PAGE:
So, as it was washing-day, and her sick husband was more ailing than usual, his mother let Jack set off to sell the cow.

"Not less than ten pounds," she bawled after him as he turned the corner.

Ten pounds, indeed! Jack had made up his mind to twenty! Twenty solid golden sovereigns!

He was just settling what he should buy his mother as a fairing out of the money, when he saw a queer little old man on the road who called out, "Good-morning, Jack!"

"Good-morning," replied Jack, with a polite bow, wondering how the queer little old man happened to know his name; though, to be sure, Jacks were as plentiful as blackberries.

"And where may you be going?" asked the queer little old man. Jack wondered again—he was always wondering, you know—what the queer little old man had to do with it; but, being always polite, he replied:

"I am going to market to sell Milky-White—and I mean to make a good bargain."

"So you will! So you will!" chuckled the queer little old man. "You look the sort of chap for it. I bet you know how many beans make five?"

"Two in each hand and one in my mouth," answered Jack readily. He really was sharp as a needle.

"Just so, just so!" chuckled the queer little old man; and as he spoke he drew out of his pocket five beans. "Well, here they are, so give us Milky-White."

Jack was so flabbergasted that he stood with his mouth open as if he expected the fifth bean to fly into it.

"What!" he said at last. "My Milky-White for five common beans! Not if I know it!"

"But they aren't common beans," put in the queer little old man, and there was a queer little smile on his queer little face. "If you plant these beans over-night, by morning they will have grown up right into the very sky."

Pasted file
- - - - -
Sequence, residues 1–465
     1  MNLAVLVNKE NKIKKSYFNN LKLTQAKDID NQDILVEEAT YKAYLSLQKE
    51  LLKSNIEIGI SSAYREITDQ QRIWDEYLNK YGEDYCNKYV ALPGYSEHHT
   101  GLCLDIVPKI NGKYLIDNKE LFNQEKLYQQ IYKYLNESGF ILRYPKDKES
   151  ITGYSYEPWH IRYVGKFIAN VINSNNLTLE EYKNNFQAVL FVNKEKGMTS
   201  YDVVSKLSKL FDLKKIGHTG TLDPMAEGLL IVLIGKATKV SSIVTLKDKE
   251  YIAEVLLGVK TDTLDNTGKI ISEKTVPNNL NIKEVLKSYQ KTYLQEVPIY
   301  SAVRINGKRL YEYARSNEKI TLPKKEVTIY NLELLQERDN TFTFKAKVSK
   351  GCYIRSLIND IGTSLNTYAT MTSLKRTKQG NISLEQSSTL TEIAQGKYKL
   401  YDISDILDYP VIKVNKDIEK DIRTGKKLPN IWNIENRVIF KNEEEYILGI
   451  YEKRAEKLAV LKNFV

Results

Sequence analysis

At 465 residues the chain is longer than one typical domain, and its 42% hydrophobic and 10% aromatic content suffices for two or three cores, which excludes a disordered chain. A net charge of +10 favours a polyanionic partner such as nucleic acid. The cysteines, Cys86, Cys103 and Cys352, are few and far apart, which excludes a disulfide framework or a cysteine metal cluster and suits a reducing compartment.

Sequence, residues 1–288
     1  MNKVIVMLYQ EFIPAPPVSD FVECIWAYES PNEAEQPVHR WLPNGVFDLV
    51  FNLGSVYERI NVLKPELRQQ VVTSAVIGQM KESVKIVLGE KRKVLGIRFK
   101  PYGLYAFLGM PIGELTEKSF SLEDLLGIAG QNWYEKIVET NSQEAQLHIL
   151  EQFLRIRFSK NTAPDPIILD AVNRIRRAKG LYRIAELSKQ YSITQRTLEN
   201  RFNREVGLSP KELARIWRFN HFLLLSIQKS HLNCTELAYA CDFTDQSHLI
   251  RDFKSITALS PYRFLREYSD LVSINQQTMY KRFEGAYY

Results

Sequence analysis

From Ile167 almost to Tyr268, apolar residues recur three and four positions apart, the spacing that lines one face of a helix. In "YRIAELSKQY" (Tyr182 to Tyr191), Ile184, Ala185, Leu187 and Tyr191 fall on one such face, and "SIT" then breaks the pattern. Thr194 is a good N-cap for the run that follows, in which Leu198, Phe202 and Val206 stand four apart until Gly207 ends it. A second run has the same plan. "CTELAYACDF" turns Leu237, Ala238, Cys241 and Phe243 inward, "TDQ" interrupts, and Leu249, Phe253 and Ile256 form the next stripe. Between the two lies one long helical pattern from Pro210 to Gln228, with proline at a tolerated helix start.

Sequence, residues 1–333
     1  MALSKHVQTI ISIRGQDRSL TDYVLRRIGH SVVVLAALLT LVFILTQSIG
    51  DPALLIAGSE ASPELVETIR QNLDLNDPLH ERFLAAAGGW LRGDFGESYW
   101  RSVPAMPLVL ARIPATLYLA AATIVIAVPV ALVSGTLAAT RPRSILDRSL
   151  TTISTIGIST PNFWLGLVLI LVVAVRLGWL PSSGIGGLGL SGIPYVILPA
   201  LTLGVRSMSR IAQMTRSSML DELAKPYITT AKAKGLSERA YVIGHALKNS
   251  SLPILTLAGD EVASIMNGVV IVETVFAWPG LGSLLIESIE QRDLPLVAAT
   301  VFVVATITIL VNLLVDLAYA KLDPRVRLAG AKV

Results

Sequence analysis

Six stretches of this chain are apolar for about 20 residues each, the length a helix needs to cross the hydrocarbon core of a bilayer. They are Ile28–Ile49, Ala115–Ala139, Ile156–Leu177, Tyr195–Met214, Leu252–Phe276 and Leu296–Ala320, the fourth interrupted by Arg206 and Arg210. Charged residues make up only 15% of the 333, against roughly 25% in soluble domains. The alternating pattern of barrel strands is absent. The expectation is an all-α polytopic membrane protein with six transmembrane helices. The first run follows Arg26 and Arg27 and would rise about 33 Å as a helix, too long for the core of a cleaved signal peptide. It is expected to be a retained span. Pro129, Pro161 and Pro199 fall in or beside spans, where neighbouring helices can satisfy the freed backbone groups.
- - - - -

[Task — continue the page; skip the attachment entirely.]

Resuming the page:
Jack was too flabbergasted this time even to open his mouth; his eyes opened instead.



"Did you say right into the very sky?" he asked at last; for, see you, Jack had wondered more about the sky than about anything else.

"RIGHT UP INTO THE VERY SKY" repeated the queer old man, with a nod between each word. "It's a good bargain, Jack; and, as fair play's a jewel, if they don't—why! meet me here to-morrow morning and you shall have Milky-White back again. Will that please you?"

"Right as a trivet," cried Jack, without stopping to think, and the next moment he found himself standing on an empty road.

"Two in each hand and one in my mouth," repeated Jack. "That is what I said, and what I'll do. Everything in order, and if what the queer little old man said isn't true, I shall get Milky-White back to-morrow morning."

So whistling and munching the bean he trudged home cheerfully, wondering what the sky would be like if he ever got there.

"What a long time you've been!" exclaimed his mother, who was watching anxiously for him at the gate. "It is past sun-setting; but I see you have sold Milky-White. Tell me quick how much you got for her."

"You'll never guess," began Jack.

"Laws-a-mercy! You don't say so," interrupted the good woman. "And I worriting all day lest they should take you in. What was it? Ten pounds—fifteen—sure it can't be twenty!"

Jack held out the beans triumphantly.

"There," he said. "That's what I got for her, and a jolly good bargain too!"

It was his mother's turn to be flabbergasted; but all she said was:

"What! Them beans!"

"Yes," replied Jack, beginning to doubt his own wisdom; "but they're magic beans. If you plant them over-night, by morning they—grow—right up—into—the—sky—Oh! Please don't hit so hard!"

For Jack's mother for once had lost her temper, and was belabouring the boy for all she was worth. And when she had finished scolding and beating, she flung the miserable beans out of window and sent him, supperless, to bed.

If this was the magical effect of the beans, thought Jack ruefully, he didn't want any more magic, if you please.

However, being healthy and, as a rule, happy, he soon fell asleep and slept like a top.

When he woke he thought at first it was moonlight, for everything in the room showed greenish. Then he stared at the little window. It was covered as if with a curtain by leaves. He was out of bed in a trice, and the next moment, without waiting to dress, was climbing up the biggest beanstalk you ever saw. For what the queer little old man had said was true! One of the beans which his mother had chucked into the garden had found soil, taken root, and grown in the night....